Kitchen sponges can revive houseplants.


Houseplants can be difficult to maintain for non-green thumbs. Even experienced gardeners have trouble determining how much water each plant needs. The planter's soil may appear dry but be wet underneath. 


Your lovely pot may not drain well. If one of your plant babies is dying, a kitchen sponge may save it. Experts explain how and why this simple hack works for overwatered or root-rotted houseplants.

Here's how a sponge can help.


Your beloved plant can recover from root rot. A kitchen sponge in the planter can absorb excess moisture. Sponge pores allow air to flow through the soil advises against using a grocery store sponge that's too big for the pot "If the container is too large, the plant's roots may grow around the sponge.

Prep your plants before placing the sponge inside.


Be careful when removing your plant from its container to perform the sponge hack. Huff Post advises turning the plant sideways to gently remove it from the pot. "Hold it gently by the stems or leaves and tap the container bottom until the plant slides out trimming discoloured or rotting roots to reduce root rot. " Rub alcohol on the shears after each cut to prevent rot.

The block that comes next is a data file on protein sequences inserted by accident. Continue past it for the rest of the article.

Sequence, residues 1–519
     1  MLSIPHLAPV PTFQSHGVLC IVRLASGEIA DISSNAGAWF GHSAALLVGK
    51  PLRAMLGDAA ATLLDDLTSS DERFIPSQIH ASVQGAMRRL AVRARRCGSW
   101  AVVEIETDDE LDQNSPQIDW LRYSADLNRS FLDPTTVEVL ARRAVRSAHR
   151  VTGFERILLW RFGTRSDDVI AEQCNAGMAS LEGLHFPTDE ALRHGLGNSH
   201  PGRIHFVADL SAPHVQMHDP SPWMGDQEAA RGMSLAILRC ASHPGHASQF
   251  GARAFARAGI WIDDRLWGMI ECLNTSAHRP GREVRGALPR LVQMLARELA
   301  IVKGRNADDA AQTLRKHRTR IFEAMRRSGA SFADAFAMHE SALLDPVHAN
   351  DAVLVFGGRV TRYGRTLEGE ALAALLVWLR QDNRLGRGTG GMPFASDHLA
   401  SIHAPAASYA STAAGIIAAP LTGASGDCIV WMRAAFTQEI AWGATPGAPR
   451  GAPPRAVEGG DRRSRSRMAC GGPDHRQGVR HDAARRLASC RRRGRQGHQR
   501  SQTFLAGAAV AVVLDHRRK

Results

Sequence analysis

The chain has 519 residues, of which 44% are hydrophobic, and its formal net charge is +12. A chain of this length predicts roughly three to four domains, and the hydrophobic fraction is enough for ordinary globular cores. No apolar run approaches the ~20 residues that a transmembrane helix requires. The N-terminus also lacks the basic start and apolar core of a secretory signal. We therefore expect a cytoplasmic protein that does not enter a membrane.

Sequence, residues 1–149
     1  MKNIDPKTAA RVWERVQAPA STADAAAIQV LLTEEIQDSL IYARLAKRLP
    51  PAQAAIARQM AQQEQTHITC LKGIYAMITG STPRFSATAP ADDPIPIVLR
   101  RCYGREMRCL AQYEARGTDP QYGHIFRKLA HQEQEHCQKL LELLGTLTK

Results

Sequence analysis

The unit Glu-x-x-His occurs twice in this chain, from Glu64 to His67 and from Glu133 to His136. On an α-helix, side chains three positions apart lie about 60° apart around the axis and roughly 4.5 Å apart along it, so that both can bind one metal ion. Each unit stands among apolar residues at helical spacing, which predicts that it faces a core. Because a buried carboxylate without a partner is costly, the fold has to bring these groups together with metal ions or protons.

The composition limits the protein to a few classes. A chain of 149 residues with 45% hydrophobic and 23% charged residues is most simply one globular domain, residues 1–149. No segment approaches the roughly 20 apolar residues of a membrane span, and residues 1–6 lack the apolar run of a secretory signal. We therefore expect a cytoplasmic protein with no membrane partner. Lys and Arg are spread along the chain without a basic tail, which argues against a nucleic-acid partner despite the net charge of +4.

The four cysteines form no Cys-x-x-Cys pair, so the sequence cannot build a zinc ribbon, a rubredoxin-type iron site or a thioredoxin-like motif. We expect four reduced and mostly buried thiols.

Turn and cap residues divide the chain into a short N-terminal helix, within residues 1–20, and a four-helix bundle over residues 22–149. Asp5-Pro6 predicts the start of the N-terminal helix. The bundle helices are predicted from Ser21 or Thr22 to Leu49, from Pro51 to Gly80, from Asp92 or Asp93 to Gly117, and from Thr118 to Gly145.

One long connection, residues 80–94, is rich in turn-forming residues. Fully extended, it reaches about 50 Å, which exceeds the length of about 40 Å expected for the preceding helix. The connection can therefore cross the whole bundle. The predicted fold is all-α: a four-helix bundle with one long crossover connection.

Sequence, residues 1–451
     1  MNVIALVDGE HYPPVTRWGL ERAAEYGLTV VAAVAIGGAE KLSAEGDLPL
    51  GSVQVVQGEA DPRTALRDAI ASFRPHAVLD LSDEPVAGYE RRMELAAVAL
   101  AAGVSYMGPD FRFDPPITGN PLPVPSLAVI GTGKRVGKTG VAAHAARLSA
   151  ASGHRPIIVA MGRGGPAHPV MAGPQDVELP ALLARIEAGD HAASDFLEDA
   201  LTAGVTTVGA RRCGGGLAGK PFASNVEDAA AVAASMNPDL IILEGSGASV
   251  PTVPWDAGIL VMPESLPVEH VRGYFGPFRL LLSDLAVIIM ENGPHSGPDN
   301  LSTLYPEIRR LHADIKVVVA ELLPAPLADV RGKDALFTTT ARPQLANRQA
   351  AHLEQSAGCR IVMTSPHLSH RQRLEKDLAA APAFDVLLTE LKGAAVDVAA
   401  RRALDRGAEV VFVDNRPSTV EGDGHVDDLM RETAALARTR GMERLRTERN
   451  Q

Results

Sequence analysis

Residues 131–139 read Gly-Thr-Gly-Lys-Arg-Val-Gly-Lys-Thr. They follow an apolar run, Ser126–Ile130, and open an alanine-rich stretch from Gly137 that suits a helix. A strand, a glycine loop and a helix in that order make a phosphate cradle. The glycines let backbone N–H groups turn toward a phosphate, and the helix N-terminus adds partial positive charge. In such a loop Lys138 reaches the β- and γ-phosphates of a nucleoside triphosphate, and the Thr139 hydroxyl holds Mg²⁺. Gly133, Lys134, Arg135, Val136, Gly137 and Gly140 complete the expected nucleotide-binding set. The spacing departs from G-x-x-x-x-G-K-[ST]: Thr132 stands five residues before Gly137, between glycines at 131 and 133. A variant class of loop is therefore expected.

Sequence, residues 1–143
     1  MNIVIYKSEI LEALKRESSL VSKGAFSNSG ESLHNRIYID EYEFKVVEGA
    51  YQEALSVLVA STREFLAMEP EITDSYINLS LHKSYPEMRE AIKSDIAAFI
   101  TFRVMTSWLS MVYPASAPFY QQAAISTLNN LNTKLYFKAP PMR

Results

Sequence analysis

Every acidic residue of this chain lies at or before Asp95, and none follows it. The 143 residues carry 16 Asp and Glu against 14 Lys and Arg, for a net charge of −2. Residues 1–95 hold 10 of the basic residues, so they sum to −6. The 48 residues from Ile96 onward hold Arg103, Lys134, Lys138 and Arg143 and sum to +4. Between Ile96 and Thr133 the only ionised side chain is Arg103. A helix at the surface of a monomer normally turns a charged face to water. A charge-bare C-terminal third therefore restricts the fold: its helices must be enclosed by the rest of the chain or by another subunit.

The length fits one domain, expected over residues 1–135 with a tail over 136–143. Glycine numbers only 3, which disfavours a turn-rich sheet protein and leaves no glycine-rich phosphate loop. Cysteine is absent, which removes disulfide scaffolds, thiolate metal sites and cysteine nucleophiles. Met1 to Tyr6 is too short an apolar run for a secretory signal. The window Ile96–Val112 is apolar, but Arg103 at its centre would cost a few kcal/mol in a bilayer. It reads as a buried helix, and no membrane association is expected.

And still be mindful of not overwatering.


it's important to know that it's more about the frequency of watering rather than the amount of water." Watering frequency varies by plant. "Ferns and prayer plants prefer 25–50% soil volume drying out between waterings. Cacti, monstera, and dracaena prefer 75–100% soil volume drying out between waterings."

If all else fails, invest in a moisture meter.


buying a moisture metre "the most reliable watering aid. moisture metre is especially useful for larger house plants in deep pots where it's hard to tell if the soil is still moist or dried out. "When you put the device in the soil, it tells you whether it's

Root rot is a common reason plants die.


Overwatering and waterlogging cause root rot. "This prevents oxygen from reaching the roots and can ultimately cause root rot and other damage, This fungal issue can kill plants if not addressed. If new or old leaves begin dropping from the plant and are the colour of green, brown, or yellow, or the soil has started to smell rotten, there is a good chance the plant has had too much water to drink.

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